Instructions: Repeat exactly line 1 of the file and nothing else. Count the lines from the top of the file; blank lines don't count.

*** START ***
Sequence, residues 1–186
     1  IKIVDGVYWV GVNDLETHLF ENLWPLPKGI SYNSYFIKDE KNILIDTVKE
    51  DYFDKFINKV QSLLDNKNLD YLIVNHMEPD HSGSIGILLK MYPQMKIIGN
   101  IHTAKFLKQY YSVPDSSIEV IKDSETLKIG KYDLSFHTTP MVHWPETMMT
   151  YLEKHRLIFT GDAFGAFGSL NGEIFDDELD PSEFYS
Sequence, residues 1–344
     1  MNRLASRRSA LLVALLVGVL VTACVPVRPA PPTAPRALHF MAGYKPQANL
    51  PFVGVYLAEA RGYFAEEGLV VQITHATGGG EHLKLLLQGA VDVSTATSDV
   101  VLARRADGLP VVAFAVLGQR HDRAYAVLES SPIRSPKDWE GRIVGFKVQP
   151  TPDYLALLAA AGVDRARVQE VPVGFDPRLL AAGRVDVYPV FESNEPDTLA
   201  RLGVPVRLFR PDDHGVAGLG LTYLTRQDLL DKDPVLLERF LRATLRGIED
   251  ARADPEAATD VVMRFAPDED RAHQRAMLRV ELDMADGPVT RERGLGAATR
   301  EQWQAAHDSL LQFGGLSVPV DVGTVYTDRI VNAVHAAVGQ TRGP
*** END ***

Sequence, residues 1–186